USDA hopes farmers can help lower gas prices

April 3, 2012 by  
Filed under Solar Energy Tips

Farmers responsible for the production of ethanol, a grain alcohol, could be the answer to reduce not only the price of fuel, but also the United States’ dependency on foreign oil, said Secretary of Agriculture Tom Vilsack. He has been contacting newspapers in North Carolina to discuss the administration’s energy policy.

The U.S. Department of Agriculture acknowledged that there is no way to bring fuel prices down overnight, but the United States has produced more oil in the past eight years than ever before. Consequently, Americans are now consuming less than 50 percent imported oil. Along with the reduction in foreign oil consumption, the number of energy-efficient vehicles has increased as well as the miles per gallon expectation. In 2011, the U.S. reclaimed the position as the world’s leading investor in clean energy, according to the Department of Agriculture.

The U.S. is producing record amounts of biofuel, and because of this increase, gas prices are 80 cents to $1.30 less than what they would be otherwise, Vilsack said. The Department of Agriculture knows lowering the price begins with a strong supply of ethanol. As a result, the USDA assists farmers in becoming more energy efficient with Rural Energy for American Program.

This program provides grants and guaranteed loans for farmers who demonstrate financial need to install renewable energy sources. These projects include retrofitting lighting or insulation and purchasing or replacing equipment with more energy-efficient units. The projects must produce energy from wind, solar, biomass, geothermal, hydro power and hydrogen-based sources and can produce any form of energy including heat, electricity or fuel.

“So far this program has saved three million kilowatts of energy, which is enough to power 26,000 homes,” Vilsack said.

Even with strides forward, Vilsack knows North Carolina needs to progress further. He, along with President Obama, would like to implement the E15 program, approved by the Environmental Protection Agency. This program allows manufacturers to increase the amount of ethanol per gallon up to 15 percent. As a result of the ethanol percentage per gallon, Vilsack stated this would lower gas prices by 5 to 15 cents per gallon.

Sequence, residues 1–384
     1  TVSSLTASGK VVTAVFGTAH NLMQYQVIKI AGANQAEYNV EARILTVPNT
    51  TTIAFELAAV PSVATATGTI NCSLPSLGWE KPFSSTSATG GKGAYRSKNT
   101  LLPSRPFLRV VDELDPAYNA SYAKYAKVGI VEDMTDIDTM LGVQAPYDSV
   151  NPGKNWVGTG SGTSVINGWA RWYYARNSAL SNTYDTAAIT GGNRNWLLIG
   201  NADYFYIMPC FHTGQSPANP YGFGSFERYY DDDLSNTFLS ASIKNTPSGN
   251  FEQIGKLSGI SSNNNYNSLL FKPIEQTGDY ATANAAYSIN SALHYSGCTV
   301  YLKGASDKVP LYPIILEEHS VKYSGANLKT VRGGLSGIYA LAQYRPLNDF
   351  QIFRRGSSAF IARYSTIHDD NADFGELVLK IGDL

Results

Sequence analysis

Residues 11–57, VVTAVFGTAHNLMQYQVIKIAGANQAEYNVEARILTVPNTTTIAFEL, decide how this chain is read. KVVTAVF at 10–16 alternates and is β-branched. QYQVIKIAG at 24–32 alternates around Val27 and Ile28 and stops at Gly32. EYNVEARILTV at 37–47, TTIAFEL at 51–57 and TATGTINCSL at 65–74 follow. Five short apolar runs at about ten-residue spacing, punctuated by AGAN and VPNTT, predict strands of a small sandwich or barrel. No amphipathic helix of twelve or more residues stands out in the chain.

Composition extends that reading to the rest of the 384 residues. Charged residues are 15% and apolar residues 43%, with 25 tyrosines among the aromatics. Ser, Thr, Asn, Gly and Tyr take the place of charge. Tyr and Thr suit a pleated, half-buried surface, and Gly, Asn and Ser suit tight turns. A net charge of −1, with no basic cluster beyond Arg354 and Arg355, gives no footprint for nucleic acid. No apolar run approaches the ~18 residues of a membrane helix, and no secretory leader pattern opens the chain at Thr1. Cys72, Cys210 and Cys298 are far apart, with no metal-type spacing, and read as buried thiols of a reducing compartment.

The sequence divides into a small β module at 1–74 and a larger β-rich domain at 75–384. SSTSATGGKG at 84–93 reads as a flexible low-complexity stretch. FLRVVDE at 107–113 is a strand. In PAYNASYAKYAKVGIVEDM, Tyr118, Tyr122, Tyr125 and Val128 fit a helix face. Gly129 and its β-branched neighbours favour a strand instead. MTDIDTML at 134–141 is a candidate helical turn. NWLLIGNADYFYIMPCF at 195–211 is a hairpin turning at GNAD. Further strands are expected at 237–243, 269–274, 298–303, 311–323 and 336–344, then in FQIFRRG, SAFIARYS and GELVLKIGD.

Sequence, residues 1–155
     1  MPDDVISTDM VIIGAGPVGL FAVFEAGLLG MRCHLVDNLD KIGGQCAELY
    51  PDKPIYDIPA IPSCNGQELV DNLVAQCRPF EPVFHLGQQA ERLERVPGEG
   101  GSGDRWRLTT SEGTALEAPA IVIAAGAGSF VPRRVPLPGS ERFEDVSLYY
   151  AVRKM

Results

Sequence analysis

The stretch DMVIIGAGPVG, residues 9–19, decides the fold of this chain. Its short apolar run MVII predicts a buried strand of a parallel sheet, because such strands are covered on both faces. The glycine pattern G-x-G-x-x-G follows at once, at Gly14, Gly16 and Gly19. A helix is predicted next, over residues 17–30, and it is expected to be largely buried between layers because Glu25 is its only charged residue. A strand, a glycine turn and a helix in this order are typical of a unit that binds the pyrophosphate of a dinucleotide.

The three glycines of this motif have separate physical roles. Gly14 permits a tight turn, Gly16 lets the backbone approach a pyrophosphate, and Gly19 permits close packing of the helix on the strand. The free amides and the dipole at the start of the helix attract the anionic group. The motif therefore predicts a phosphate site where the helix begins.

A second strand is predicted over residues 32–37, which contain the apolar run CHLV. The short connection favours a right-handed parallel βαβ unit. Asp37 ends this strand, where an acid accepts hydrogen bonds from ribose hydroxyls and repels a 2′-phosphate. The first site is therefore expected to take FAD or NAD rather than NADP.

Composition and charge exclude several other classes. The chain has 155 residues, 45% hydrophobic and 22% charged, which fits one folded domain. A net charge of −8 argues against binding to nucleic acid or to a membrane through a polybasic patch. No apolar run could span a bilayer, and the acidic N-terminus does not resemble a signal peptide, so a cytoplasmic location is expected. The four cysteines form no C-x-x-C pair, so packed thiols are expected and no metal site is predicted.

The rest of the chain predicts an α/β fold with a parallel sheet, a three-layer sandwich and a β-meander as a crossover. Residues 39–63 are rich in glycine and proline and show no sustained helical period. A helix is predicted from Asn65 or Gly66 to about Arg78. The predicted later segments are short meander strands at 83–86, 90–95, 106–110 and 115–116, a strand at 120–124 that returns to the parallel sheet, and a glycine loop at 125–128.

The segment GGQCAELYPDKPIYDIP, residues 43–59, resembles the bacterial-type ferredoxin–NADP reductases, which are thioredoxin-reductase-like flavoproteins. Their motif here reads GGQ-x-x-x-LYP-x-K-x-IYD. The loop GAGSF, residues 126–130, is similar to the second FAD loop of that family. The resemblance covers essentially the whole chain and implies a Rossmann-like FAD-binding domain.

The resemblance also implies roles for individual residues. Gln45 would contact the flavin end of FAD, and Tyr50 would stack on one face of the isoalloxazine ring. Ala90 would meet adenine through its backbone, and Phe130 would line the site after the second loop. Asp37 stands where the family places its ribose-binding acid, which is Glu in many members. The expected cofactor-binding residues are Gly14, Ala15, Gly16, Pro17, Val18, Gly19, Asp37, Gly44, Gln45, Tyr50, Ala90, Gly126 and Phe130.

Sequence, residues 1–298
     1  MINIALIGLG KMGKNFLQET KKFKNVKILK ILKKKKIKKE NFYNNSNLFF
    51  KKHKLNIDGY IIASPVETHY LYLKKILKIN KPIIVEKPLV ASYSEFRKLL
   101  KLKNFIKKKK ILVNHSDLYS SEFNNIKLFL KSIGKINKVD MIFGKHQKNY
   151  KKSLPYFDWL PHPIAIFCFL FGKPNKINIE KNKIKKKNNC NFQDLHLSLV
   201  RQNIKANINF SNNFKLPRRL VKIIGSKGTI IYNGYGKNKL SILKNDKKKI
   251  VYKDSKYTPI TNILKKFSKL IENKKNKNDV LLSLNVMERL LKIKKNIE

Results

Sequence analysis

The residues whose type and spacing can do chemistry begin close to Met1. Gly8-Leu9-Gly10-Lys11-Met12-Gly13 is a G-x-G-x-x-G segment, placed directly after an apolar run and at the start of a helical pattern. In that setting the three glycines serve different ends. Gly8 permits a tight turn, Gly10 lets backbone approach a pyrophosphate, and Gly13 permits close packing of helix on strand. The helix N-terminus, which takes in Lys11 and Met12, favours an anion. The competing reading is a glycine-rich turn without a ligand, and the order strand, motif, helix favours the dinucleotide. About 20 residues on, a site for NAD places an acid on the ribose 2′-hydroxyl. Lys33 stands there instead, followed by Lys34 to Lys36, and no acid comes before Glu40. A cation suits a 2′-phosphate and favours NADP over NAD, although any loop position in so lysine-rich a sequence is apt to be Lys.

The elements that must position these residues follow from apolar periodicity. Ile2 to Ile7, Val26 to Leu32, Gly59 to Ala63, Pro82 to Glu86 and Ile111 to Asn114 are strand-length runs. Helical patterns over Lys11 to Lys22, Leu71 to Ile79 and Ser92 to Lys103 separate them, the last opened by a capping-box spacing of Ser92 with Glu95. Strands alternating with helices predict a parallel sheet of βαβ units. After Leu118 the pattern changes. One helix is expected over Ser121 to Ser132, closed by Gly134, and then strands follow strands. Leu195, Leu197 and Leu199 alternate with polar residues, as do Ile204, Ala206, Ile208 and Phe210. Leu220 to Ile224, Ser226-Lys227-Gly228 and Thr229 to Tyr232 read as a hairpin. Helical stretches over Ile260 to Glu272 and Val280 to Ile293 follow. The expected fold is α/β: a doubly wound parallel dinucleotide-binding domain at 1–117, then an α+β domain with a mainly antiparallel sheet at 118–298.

In 2009, Growth Energy, a coalition of ethanol supporters, requested an increase in the ethanol allowed per gallon from 10 percent to 15 percent. The EPA partially granted the waiver request in October 2010, based upon data submitted to prove that the change would not harm vehicle emissions and fuel systems materials. This request only pertained to car models 2007 or newer to fill their tank with a 15 percent blended ethanol gasoline. After further tests in 2011, vehicles 2001 or newer were included in this group. If an vehicle older than 2001 was filled with E15 gasoline, it could cause damage.

When questions surfaced as to how gas stations would guarantee the correct fueling, the EPA provided a Misfueling Mitigation Plan in March that drew out instructions on labeling pumps to ensure that only approved vehicles used E15.

With gas prices expected to rise up to $4 in May, said Cathey Hein, public relations manager for AAA, consumers will be looking for an alternative to help lower the price. In a press release Monday, AAA provided motorists tips to help increase an automobile’s miles per gallon, such as making sure all tires are inflated and avoiding extra weight. Hopes for prices to decrease do not look favourable as Hein expects prices to stay between $3 and $3.50 even with alternative energy solutions in place. She asks that the legislative administration step forward.

“We need a national energy policy in place to address the issue. We need to look at how we consume energy as a whole and ask legislatures to determine how we must move forward,” Hein said.

Rebekah Cansler McGee can be reached at 249-3981, ext. 228, or at

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